The opioid epidemic didn’t go away. It has gotten worse
Authored by Ken Redmile
A 30-percent increase doesn’t happen in a vacuum. There were several reasons for this dramatic shift. The biggest driver for opioid overdoses in recent years is the proliferation of illicitly manufactured fentanyl, says Deni Carise, PhD, Chief Scientific Officer of Recovery Centers of America.
Pharmaceutical fentanyl has seen a reduction in prescriptions from doctors in the last few years thanks to the physician drug monitoring program, according to CDC data. However, Carise says illicitly manufactured fentanyl remains a huge challenge. Jeffery notes that disruptions in the drug supply chain during COVID may have also likely contributed to an increase in the supply of fentanyl in the formula of several drugs, not just heroin.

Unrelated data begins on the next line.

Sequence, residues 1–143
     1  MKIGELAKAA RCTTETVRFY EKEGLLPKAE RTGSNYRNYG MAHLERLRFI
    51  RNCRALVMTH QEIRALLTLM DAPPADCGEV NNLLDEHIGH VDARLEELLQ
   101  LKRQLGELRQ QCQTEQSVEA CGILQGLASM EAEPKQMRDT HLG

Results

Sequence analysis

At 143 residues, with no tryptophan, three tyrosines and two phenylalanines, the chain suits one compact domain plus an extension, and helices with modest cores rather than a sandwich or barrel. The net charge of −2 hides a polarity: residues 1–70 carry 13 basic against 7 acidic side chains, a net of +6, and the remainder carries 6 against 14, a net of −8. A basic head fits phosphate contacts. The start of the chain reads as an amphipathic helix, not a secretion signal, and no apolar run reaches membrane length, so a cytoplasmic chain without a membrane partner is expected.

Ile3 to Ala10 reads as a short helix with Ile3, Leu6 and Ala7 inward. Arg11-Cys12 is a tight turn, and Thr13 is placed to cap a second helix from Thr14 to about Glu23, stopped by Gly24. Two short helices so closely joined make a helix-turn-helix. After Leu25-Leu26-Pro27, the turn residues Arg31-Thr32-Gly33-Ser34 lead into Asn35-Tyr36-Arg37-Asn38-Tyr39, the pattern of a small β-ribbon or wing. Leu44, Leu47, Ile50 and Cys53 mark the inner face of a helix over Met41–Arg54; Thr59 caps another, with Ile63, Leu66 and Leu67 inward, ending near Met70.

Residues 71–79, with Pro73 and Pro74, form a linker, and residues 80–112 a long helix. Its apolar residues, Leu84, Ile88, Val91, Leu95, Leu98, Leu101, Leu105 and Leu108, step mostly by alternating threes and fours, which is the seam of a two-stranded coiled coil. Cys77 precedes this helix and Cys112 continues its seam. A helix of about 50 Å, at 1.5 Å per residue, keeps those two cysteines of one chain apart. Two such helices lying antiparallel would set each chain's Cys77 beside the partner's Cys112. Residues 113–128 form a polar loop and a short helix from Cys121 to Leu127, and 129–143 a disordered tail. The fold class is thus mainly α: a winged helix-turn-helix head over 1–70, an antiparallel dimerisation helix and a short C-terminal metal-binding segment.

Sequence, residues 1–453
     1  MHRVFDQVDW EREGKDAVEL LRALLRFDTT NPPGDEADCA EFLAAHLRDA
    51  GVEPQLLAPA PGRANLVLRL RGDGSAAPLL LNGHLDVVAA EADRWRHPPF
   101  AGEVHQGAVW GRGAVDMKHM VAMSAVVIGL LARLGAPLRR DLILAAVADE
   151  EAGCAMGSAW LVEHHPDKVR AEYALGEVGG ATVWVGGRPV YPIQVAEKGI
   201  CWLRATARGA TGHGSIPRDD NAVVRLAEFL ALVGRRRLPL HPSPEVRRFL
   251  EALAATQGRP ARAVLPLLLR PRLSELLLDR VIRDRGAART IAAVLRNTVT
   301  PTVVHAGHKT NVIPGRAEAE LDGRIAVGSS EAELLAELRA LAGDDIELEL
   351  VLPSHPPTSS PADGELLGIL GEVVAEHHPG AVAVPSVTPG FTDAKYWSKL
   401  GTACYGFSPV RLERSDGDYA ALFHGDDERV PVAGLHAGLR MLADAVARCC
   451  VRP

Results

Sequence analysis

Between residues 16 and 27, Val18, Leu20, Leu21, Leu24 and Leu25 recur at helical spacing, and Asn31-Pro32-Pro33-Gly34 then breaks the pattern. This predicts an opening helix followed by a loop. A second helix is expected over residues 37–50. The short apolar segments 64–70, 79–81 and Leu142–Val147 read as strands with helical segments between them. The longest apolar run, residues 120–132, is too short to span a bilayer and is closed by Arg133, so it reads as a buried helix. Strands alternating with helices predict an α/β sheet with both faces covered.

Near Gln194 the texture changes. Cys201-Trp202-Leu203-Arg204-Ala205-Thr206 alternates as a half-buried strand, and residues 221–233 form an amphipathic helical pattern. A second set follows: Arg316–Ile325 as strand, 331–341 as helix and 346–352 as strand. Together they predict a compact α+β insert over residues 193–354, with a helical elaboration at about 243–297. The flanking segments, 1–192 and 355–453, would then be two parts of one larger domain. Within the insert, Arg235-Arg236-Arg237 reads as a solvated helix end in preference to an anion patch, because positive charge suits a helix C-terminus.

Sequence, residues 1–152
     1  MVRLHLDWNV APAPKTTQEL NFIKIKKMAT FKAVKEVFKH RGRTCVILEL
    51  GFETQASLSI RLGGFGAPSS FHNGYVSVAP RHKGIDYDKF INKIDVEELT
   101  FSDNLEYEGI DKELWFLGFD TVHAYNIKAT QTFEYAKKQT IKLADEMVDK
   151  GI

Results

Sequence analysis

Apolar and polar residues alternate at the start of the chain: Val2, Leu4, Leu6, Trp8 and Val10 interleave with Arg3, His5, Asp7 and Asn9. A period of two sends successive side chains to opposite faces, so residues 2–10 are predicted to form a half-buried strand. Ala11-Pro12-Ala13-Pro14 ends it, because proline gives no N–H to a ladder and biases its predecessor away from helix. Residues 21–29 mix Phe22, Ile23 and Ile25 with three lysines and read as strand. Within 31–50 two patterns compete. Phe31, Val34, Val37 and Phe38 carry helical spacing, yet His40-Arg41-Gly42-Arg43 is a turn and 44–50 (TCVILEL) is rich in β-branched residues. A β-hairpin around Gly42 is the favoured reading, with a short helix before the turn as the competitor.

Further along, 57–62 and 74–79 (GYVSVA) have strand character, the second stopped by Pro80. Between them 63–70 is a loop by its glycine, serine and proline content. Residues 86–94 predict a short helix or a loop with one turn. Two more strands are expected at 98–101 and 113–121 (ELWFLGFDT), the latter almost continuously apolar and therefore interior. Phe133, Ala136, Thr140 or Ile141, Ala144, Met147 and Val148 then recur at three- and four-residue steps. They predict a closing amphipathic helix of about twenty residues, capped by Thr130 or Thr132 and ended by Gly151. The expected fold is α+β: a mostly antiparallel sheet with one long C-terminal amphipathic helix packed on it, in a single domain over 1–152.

“Many of these illicitly manufactured fentanyl products are laced into cocaine, amphetamines, and even marijuana, often without the buyer’s knowledge. That actually started to tick up in 2019, but it got worse last year,” says Carise. “The field in general—people in treatment and recovery—were profoundly impacted by the pandemic.”
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